NatureMapping Animal Facts

Eastern Gray Squirrel

distribution map

Eastern Gray Squirrel (Sciurus carolinensis)
Species Code: SCCA
An introduced species.

Description: The Eastern Gray Squirrel as a bushy tail bordered with white hairs. Its body is gray on top and white underneath in the winter and a tallish color in the summer. Its tail is used for balance when dashing between tree branches. Their round foreprints are 1 inch long, while their triangular hind prints are 2 and 1/4 inches long.

Length: Can grow up to 20 inches long.

Weight: Can weigh between 3/4 and 1 and 1/2 pounds.

Range / Habitat: They are abundant in city parks, suburbs, and rural woodlands where there are plenty of nut trees. They can be found mostly in Seattle, Washington and Vancouver, British Columbia.

Nesting: It makes a nest of twigs in the branches of trees and lines it with grass or bark.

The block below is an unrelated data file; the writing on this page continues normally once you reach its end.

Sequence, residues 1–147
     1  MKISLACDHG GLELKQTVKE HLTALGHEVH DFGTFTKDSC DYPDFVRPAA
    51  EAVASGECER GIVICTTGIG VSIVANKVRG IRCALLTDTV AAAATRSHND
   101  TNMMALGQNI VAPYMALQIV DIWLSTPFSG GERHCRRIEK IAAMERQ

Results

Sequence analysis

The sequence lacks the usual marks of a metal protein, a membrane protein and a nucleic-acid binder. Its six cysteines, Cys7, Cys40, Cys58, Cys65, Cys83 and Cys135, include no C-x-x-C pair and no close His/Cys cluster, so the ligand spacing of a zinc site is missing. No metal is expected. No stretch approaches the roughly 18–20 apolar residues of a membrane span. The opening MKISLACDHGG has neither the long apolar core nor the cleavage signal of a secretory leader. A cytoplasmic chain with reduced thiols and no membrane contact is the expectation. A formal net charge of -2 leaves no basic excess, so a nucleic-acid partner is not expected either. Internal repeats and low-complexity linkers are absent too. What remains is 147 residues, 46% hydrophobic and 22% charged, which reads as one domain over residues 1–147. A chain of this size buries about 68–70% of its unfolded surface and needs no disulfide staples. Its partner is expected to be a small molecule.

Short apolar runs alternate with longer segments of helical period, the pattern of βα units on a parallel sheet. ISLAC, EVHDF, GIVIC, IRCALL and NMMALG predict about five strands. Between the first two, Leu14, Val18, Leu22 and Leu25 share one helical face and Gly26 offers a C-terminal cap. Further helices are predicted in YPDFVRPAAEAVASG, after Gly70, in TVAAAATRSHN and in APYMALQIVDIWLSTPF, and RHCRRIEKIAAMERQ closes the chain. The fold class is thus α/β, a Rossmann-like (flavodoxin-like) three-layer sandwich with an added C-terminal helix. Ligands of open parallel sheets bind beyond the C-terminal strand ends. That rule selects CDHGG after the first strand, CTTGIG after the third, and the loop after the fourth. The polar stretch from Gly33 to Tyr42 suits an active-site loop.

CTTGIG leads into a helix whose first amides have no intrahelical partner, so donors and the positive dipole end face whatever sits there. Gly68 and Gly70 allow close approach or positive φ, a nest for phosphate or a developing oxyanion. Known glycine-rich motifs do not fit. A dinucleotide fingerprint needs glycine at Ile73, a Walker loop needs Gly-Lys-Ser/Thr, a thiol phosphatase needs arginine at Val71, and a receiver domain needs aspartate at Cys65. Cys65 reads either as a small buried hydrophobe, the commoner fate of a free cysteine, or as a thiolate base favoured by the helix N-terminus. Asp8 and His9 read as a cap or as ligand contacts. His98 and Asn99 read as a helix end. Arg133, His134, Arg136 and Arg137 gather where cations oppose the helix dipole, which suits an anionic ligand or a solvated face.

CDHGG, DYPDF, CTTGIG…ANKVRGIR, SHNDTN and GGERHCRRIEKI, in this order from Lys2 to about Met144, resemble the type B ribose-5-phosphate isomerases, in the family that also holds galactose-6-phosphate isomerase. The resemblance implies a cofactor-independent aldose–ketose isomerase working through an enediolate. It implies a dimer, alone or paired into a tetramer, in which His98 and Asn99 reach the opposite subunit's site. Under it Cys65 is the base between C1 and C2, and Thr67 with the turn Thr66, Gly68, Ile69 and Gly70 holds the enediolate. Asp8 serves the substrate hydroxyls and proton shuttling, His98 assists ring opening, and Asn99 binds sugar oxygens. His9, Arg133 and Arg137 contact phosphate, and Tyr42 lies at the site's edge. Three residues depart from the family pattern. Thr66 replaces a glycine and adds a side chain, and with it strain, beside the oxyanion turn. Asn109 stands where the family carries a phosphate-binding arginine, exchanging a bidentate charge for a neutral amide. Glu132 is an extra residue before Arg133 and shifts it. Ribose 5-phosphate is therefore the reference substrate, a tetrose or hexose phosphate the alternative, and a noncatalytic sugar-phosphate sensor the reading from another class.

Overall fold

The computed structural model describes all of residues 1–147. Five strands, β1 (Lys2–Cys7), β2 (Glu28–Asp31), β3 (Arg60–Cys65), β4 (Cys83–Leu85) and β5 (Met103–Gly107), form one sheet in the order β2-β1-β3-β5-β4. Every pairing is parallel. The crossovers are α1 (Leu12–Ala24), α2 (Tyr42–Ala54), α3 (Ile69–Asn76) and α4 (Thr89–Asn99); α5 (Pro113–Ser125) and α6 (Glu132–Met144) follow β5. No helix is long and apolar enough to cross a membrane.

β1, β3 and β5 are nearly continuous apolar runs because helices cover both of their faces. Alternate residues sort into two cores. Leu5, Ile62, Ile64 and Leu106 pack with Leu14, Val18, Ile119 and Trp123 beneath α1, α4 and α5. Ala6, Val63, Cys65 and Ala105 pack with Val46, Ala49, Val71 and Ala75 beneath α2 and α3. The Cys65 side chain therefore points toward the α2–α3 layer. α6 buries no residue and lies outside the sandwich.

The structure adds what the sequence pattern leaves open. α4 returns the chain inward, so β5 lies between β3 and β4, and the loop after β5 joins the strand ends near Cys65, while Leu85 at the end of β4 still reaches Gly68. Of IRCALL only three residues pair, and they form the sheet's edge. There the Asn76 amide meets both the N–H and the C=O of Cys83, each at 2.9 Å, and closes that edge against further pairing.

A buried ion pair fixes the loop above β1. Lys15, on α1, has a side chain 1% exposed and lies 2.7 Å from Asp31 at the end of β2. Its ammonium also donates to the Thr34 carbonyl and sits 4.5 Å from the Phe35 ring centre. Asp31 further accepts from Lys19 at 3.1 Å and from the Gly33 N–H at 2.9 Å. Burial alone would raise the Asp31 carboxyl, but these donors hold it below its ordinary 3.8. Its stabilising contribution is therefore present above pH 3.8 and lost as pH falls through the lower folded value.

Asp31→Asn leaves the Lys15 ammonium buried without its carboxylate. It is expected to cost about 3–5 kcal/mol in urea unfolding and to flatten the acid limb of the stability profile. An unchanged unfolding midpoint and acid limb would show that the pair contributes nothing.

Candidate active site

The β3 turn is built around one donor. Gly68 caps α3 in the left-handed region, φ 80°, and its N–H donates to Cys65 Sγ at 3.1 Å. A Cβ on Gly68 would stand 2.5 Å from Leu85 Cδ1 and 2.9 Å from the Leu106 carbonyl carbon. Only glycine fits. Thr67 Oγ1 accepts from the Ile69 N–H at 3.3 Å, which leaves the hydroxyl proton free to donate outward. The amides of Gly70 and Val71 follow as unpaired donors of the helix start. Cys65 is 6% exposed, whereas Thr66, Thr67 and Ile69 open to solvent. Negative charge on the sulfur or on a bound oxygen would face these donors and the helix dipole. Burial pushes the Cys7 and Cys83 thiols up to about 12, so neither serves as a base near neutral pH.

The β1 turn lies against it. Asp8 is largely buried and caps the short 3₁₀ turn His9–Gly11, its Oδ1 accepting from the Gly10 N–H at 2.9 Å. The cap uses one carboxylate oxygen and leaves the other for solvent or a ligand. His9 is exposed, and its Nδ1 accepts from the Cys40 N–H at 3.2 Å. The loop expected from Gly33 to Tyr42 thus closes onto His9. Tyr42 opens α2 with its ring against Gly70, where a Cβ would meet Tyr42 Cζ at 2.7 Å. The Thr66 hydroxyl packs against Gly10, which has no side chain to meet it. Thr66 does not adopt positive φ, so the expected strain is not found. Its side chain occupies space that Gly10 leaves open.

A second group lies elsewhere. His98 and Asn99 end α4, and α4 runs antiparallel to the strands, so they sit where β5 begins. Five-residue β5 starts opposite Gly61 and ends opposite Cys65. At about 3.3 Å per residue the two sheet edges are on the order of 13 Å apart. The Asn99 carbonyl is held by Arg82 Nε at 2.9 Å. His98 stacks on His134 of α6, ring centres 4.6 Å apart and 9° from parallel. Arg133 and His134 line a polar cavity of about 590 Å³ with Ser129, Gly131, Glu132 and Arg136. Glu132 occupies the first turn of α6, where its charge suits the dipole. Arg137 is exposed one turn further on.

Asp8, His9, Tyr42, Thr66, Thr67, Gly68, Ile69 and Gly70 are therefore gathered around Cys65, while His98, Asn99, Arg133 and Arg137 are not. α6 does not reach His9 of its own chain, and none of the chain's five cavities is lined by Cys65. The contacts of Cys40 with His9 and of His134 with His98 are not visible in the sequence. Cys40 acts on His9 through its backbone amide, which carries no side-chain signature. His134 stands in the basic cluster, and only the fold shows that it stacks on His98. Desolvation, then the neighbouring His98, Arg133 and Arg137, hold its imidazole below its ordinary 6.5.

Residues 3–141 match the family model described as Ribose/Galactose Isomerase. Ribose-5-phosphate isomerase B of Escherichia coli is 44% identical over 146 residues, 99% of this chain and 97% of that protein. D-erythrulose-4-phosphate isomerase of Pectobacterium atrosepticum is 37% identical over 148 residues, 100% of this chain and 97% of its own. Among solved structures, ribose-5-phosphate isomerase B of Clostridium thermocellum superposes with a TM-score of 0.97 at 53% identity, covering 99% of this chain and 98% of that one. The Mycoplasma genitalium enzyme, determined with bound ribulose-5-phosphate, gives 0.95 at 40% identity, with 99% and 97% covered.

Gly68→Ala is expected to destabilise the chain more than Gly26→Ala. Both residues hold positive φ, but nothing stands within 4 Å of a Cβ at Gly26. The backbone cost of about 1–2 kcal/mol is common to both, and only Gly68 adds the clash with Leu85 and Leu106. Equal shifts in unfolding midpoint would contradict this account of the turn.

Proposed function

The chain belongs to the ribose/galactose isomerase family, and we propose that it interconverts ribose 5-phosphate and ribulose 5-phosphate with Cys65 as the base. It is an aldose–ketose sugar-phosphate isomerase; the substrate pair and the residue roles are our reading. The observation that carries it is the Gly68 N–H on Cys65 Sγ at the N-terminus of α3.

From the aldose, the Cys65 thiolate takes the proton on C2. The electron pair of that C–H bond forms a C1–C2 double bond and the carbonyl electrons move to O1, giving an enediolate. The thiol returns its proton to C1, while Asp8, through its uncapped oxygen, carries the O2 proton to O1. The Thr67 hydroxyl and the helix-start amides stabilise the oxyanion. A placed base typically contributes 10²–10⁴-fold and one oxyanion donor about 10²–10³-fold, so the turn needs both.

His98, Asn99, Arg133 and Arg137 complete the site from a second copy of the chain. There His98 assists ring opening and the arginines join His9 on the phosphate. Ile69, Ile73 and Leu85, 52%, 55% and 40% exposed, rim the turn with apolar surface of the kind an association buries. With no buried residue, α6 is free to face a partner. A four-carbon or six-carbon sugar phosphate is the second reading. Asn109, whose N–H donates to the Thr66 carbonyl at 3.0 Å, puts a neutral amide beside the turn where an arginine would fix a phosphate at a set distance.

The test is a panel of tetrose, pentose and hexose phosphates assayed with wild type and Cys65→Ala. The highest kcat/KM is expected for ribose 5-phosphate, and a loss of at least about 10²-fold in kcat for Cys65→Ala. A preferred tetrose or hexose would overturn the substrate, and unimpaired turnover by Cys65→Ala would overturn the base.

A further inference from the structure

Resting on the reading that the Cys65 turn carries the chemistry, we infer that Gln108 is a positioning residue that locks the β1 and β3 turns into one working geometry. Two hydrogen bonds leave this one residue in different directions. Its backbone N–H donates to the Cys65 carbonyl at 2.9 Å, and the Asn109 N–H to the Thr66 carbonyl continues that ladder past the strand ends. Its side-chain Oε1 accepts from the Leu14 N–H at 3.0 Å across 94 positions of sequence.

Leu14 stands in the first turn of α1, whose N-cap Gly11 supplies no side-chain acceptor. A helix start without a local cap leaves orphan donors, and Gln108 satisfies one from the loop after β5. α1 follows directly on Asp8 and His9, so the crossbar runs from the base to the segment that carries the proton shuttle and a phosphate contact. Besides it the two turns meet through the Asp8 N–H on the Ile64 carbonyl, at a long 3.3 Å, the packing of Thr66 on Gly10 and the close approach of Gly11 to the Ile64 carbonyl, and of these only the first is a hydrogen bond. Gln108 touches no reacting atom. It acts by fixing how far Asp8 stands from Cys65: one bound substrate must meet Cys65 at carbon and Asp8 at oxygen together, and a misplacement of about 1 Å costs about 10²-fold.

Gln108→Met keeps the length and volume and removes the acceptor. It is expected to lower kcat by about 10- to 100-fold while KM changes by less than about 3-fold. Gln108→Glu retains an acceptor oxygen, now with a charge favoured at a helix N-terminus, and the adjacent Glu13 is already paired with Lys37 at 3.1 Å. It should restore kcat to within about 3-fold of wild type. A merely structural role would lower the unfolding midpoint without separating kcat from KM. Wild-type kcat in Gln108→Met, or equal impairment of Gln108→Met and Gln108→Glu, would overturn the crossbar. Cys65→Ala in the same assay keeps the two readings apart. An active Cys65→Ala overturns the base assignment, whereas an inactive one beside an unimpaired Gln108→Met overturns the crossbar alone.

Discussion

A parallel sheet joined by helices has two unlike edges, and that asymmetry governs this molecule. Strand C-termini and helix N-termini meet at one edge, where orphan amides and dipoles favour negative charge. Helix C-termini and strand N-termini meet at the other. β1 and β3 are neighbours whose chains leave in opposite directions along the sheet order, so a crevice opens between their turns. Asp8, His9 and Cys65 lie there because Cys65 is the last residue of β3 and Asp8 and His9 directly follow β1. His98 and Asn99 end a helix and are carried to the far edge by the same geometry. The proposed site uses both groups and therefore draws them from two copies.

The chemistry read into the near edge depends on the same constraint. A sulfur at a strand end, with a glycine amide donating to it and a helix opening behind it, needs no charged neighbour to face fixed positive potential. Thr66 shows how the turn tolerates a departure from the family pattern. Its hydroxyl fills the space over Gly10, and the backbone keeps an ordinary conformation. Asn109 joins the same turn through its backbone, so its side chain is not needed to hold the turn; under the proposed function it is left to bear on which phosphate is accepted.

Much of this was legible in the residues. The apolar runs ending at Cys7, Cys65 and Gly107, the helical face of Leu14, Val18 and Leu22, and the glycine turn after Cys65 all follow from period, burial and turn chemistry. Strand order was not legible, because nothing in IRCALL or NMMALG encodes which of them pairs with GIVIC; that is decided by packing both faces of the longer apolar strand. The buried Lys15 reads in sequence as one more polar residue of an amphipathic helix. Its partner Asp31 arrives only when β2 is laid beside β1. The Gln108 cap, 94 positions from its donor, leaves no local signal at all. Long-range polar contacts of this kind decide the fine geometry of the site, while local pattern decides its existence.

Signs that they have been or are present: One can find gnawed acorn husks or other nutshells littering the ground. In the winter, holes in the snow are visible and in the spring, holes in the earth are visible. This is where they have dug for their stored nuts. Also, they gnaw on tree trunks and limbs with their small teeth.

Diet: Nuts, acorns, and seeds they steal that people put out to feed the birds.

Mating Habits: They mate in the late winter months.

Litter Size: Their first litter has 2 to 3 young that are born in the spring. Their second litter is born in late summer. Gestation periods last about 44 days.

Did you know?

  • It has largely replaced the Red Squirrel in the United Kingdom.
  • The eastern gray squirrel in Washington state is considered an introduced invasive species.

Eastern Gray Squirrel Tracks
Eastern Gray Squirrel Tracks
by J. Wernet, age 12

Eastern Gray Squirrel Silhouette

Eastern Gray Squirrel

(photo by Tim Knight)

Animal silhouettes available to purchase »

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